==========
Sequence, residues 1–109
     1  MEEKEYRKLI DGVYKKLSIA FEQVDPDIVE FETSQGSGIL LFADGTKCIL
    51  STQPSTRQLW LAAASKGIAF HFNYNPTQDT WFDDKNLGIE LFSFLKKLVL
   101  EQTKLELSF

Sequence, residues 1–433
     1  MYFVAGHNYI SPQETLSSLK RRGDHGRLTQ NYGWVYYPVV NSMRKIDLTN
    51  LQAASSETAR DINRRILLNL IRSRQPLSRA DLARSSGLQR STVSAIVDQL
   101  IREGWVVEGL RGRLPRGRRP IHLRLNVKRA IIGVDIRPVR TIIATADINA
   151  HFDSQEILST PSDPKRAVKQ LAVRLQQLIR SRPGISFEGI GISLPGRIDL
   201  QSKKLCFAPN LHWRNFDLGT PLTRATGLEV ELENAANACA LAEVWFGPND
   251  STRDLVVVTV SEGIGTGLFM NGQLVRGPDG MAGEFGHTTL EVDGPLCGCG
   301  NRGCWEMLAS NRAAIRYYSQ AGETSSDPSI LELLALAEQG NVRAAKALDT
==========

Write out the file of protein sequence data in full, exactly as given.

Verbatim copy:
Sequence, residues 1–109
     1  MEEKEYRKLI DGVYKKLSIA FEQVDPDIVE FETSQGSGIL LFADGTKCIL
    51  STQPSTRQLW LAAASKGIAF HFNYNPTQDT WFDDKNLGIE LFSFLKKLVL
   101  EQTKLELSF

Sequence, residues 1–433
     1  MYFVAGHNYI SPQETLSSLK RRGDHGRLTQ NYGWVYYPVV NSMRKIDLTN
    51  LQAASSETAR DINRRILLNL IRSRQPLSRA DLARSSGLQR STVSAIVDQL
   101  IREGWVVEGL RGRLPRGRRP IHLRLNVKRA IIGVDIRPVR TIIATADINA
   151  HFDSQEILST PSDPKRAVKQ LAVRLQQLIR SRPGISFEGI GISLPGRIDL
   201  QSKKLCFAPN LHWRNFDLGT PLTRATGLEV ELENAANACA LAEVWFGPND
   251  STRDLVVVTV SEGIGTGLFM NGQLVRGPDG MAGEFGHTTL EVDGPLCGCG
   301  NRGCWEMLAS NRAAIRYYSQ AGETSSDPSI LELLALAEQG NVRAAKALDT